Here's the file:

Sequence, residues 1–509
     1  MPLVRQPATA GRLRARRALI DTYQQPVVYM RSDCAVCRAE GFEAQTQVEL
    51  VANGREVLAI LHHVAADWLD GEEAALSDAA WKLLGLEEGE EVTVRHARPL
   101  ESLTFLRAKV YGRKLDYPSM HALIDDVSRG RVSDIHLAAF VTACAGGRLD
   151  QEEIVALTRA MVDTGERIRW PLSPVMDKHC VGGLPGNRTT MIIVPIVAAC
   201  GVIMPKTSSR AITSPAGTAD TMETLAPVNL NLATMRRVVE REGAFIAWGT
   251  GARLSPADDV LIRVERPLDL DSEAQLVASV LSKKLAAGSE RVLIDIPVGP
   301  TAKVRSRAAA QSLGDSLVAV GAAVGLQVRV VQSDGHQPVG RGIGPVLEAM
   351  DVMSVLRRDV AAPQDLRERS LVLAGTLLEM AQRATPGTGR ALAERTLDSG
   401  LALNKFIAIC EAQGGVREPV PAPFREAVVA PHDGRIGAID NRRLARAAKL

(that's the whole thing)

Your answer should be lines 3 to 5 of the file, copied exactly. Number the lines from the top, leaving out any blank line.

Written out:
    51  VANGREVLAI LHHVAADWLD GEEAALSDAA WKLLGLEEGE EVTVRHARPL
   101  ESLTFLRAKV YGRKLDYPSM HALIDDVSRG RVSDIHLAAF VTACAGGRLD
   151  QEEIVALTRA MVDTGERIRW PLSPVMDKHC VGGLPGNRTT MIIVPIVAAC